‘The battle of backwardness within backwardness’

The top court's reconsideration of a 20-year-old judgement could be pivotal in clarifying that caste can also be a class category

On Thursday, a seven-judge Constitution Bench of the Supreme Court reserved judgement in Davinder Singh v State of Punjab. The issue in the case is a critical one in affirmative action discourse—are sub-classifications within the reserved Scheduled Caste (SC) category permissible and can states create their own?

Two decades ago, in Chinnaiah v State of Andhra Pradesh (2004), a five-judge Bench of the Court had struck down a law that allocated 15 percent reservation for SCs amongst four sub-groups. Then, the Court held that “Scheduled Castes form a class by themselves and any further sub-classification would be impermissible while applying the principle of reservation.”

Another five-judge bench in 2020, which referred the matter to the seven-judge bench, took the view that states could take steps to represent those who were inadequately represented. “The entire basket of fruits cannot be given to (the) mighty at the cost of others under the guise of forming a homogeneous class,” they said. 

In the present matter, the Union and several state governments that are typically at loggerheads came together to defend sub-classification. Over the years, they said, the Court’s jurisprudence had evolved to recognise the more backward amongst backward classes. 

The shiny arrow in their quiver of arguments was the judgement in Indira Sawhney (1992), where a nine-judge bench reasoned that sub-classification within a backward class was possible under Article 16(4) and upheld reservations for Other Backward Classes. That was also the case where the Court emphasised that the government must exclude the ‘creamy layer’ from the benefits of reservations. More recently, in Jarnail Singh (2018), the Court extended the ‘creamy layer’ exception for reservations in public employment promotions for the SC and ST communities.  

In Davinder Singh, the petitioners’ arguments extend the ‘creamy layer’ logic to SCs in public employment and education: if certain castes were more backward than others, they qualified as a backward class under Article 16(4). But the concept of ‘creamy layer’ itself hasn’t gone unchallenged. Professor Anup Surendranath, for instance, has argued about the “limited imagination” of basing sub-classification on the creamy layer logic—his contention is that mere upward economic mobility for a few groups does not compensate for the social discrimination suffered for centuries.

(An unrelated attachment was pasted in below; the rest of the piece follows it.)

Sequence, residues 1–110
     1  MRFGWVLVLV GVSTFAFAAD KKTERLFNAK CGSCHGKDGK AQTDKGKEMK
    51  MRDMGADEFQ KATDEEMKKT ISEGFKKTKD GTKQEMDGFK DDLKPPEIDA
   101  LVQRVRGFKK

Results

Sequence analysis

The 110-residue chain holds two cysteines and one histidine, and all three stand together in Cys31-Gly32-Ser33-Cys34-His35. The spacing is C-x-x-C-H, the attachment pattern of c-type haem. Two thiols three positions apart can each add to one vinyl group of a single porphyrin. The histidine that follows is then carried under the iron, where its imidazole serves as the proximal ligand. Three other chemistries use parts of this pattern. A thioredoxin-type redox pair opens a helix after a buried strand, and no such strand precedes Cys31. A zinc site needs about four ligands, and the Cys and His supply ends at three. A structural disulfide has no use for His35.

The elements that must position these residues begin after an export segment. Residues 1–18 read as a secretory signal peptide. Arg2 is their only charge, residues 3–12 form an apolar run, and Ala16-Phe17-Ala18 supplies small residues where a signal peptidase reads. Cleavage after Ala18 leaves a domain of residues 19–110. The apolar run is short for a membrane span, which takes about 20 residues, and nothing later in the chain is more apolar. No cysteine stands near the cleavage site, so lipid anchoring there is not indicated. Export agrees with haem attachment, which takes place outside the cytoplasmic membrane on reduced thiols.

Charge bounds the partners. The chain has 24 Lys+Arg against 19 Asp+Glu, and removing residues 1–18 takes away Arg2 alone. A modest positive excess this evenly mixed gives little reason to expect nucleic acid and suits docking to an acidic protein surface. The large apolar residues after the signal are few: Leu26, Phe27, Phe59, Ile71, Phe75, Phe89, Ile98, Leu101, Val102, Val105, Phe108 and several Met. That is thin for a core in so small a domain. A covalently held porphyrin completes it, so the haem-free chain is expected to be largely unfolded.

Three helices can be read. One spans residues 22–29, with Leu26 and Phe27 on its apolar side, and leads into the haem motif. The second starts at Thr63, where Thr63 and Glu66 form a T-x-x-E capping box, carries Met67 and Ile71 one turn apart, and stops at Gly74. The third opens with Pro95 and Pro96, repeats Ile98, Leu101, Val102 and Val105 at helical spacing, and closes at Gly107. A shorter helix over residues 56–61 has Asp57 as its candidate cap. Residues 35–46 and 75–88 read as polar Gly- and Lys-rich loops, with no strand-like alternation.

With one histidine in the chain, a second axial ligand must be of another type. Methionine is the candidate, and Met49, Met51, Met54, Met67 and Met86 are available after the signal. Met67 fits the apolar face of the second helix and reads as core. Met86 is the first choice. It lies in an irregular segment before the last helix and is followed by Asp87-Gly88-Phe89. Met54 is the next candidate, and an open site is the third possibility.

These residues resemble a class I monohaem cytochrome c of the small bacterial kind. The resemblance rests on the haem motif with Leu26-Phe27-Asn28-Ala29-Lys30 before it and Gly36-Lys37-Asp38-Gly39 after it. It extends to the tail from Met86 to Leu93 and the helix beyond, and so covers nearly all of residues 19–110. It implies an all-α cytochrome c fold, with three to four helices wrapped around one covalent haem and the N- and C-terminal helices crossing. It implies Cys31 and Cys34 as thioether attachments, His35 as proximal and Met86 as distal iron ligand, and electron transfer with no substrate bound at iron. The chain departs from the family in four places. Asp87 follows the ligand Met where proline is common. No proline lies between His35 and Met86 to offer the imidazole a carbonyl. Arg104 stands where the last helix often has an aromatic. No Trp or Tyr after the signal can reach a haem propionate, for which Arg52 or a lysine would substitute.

The respondents, on their part, contended that castes cannot constitute a class. But the petitioners and the Bench seemed convinced that the reasoning in Indra Sawhney leads to the conclusion that a caste can become a class if it is inadequately represented. 

The Court was at pains to clarify that the tangible question was limited to the constitutional validity of sub-classification. But, as observers, it would be limiting to overlook the long shadow of why reservation is necessary in the first place. No answer can ignore the centuries of history—rooted in discrimination and exploitation—which have blurred caste and class identities. The petitioners touched on this wider history when they said reservation was not an act of “benevolence” or “charity”—it was “constitutional atonement”.

On the final day of hearings, Chief Justice D.Y. Chandrachud, while acknowledging the “battle of backwardness within backwardness,” cautioned that authorities had to be careful about not leaving out groups while granting benefits to the most backward sections. “Otherwise this becomes a very dangerous trend,” he said, “the idea is not to allow popular politics to play out in grant of reservation…”

But that sounds like wishful thinking at a time when reservation remains a political touchpoint. Considering these boundaries have always been etched in sand, how the CJI’s Bench draws these constitutional contours could be pivotal. 


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